The summer edition of international art fair Art Basel, which was set to take place in Basel, Switzerland between Thursday and Sunday, June 18 and 21, has been postponed until September. This is a result of the coronavirus pandemic.
The show will now take place at Messe Basel from Thursday to Sunday, September 17 to 20, with preview days on Tuesday and Wednesday, September 15 and 16.
The announcement was made on Thursday, after a lengthy consultation between gallerists, collectors, partners and external experts.
Marc Spiegler, Art Basel's global director, said of the decision: "We thank our galleries for the support and understanding of our highly complex decision to postpone the fair. We hope that the situation improves swiftly, and we will work closely with our exhibitors to deliver a successful fair in September.
"We are aware of how dynamic the Covid-19 situation is and will continue to monitor the developments closely. The health and safety of our exhibitors, partners, guests, and teams remains our main priority, and we will adapt all our planning to the developing situation."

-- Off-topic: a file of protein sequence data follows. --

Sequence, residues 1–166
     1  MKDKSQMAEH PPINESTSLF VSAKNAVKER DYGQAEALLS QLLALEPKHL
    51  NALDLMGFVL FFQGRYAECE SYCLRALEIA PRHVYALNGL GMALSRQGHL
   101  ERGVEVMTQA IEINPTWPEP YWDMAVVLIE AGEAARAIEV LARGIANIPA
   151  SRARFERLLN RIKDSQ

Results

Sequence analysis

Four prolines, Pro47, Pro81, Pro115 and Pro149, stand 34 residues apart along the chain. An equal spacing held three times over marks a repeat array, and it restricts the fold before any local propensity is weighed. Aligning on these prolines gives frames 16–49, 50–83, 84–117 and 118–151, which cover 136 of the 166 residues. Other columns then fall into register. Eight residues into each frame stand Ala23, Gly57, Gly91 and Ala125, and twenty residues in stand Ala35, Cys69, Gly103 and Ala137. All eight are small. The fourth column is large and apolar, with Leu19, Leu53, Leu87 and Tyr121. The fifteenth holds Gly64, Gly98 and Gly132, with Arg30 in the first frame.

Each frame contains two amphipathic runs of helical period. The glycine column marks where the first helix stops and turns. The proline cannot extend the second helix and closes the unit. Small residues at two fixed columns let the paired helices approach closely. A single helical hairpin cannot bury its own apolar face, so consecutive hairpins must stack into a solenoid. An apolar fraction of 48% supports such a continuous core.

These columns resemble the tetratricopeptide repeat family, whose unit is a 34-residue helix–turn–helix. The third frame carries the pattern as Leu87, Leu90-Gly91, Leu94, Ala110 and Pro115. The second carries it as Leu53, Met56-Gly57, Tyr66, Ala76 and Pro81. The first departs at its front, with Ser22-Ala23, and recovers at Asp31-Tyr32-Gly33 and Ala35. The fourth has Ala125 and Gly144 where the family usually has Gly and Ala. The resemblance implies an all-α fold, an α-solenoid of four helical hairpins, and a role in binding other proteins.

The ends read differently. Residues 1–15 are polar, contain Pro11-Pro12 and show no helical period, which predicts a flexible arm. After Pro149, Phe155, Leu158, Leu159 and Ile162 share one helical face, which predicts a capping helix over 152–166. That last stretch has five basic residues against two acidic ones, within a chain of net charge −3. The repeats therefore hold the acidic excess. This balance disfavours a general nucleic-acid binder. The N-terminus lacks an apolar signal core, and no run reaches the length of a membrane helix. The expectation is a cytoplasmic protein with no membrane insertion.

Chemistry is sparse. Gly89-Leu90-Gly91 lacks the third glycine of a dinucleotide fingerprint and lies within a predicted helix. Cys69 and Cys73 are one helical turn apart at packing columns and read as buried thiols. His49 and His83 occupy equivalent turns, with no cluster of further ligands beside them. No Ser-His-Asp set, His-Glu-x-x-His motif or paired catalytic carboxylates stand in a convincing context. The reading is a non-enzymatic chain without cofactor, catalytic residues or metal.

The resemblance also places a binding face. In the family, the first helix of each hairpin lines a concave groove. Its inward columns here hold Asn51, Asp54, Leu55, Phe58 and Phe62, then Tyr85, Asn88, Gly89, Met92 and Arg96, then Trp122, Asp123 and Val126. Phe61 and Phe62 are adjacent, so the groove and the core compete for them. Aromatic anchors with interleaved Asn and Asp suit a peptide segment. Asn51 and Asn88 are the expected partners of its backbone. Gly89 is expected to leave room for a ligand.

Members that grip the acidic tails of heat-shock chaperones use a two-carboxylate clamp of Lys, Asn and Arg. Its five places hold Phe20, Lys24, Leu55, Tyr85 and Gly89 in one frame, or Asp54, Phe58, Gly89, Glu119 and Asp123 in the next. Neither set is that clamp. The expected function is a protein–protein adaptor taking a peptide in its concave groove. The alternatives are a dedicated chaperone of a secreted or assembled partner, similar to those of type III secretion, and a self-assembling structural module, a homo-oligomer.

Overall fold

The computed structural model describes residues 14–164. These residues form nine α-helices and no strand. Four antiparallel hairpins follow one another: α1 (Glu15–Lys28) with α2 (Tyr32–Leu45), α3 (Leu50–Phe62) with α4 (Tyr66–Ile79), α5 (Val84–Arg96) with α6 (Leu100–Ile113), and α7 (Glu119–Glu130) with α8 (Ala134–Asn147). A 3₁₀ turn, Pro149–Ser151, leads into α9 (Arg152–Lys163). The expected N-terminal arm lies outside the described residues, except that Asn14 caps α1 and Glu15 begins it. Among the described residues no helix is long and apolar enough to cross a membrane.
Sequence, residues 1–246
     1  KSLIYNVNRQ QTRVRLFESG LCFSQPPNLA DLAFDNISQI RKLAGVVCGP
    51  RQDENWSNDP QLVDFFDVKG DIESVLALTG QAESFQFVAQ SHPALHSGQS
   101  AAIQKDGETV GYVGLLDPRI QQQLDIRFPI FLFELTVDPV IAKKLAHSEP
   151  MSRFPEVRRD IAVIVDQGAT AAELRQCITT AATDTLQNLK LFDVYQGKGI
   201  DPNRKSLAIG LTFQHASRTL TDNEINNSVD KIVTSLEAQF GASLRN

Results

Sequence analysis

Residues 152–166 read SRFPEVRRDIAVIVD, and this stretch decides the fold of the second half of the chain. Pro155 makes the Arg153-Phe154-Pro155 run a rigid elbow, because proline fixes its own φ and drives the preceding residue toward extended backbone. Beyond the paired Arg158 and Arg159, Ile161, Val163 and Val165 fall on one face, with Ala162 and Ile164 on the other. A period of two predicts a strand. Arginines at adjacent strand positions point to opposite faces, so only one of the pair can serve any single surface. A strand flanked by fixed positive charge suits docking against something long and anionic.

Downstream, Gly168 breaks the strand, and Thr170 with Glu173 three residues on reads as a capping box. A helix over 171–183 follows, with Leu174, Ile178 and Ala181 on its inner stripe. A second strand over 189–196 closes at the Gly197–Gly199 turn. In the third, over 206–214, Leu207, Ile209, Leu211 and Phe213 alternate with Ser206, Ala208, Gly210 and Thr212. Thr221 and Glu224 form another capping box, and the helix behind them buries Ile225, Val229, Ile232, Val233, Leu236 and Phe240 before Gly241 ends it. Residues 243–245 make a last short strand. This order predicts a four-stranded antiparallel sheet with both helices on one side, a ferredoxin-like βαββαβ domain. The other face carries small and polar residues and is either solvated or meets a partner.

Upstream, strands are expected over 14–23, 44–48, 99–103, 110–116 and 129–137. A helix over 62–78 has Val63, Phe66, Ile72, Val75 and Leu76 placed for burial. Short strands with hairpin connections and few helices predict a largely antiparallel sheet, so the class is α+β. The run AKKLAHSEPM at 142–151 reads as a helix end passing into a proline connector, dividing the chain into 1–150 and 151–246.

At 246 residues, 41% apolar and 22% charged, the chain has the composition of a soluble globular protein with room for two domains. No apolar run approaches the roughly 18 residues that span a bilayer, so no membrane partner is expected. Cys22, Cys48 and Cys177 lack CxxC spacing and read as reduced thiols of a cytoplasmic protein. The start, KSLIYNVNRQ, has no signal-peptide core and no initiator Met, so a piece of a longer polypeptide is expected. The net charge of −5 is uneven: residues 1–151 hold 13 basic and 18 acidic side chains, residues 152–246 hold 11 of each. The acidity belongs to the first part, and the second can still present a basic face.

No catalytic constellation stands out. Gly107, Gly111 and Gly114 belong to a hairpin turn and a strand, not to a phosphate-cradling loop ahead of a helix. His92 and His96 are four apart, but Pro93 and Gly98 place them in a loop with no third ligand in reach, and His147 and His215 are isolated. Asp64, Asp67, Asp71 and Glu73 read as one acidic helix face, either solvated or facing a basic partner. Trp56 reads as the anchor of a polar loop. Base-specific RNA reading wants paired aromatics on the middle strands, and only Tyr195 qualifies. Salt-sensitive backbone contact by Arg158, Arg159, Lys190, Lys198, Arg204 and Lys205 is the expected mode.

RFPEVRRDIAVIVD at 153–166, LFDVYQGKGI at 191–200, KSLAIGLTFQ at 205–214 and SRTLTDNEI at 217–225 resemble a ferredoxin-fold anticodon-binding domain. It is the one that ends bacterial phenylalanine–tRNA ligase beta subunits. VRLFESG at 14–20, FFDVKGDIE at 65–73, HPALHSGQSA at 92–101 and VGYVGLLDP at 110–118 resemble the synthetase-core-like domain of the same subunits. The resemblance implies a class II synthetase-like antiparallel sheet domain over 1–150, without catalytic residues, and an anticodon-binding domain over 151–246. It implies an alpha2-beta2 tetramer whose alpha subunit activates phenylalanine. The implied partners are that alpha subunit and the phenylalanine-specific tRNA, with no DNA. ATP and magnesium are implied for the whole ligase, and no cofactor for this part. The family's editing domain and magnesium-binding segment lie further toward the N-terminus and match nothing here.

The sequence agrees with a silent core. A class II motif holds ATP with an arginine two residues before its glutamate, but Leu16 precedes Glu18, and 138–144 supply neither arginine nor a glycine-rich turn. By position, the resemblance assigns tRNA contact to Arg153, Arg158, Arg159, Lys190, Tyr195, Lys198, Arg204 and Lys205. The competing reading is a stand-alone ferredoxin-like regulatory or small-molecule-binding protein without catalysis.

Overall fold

The fair won't completely disappear, however, as the team promises to enhance its new digital platform, the Online Viewing Rooms, as a way to support galleries during these challenging times.
Further details on this were not available at the time of writing, but will be shared in the coming weeks.
In February, the 2020 edition of Art Basel Hong Kong was cancelled. The Asian edition of the mammoth international art fair was meant to run from Thursday to Saturday, March 19 to 21 at the Hong Kong Convention and Exhibition Centre.
“It wasn’t that surprising,” said Yasmin Atassi, founder of Dubai’s Green Art Gallery, which was meant to participate at the fair for the first time this year. “We knew they were thinking about it because they sent an email last week ... But I think they made the right choice.”
Atassi says that she paid around $12,000 (Dh44,000) for the stand fee, 75 per cent of which will be reimbursed, as organisers stated.
Amid the pandemic, many arts events have been forced to cancel or postpone in order to help prevent the spread of the virus. Meanwhile, museums and art galleries across the world have shut their doors.
The art world is now turning digital, as online galleries and viewing rooms have been set up.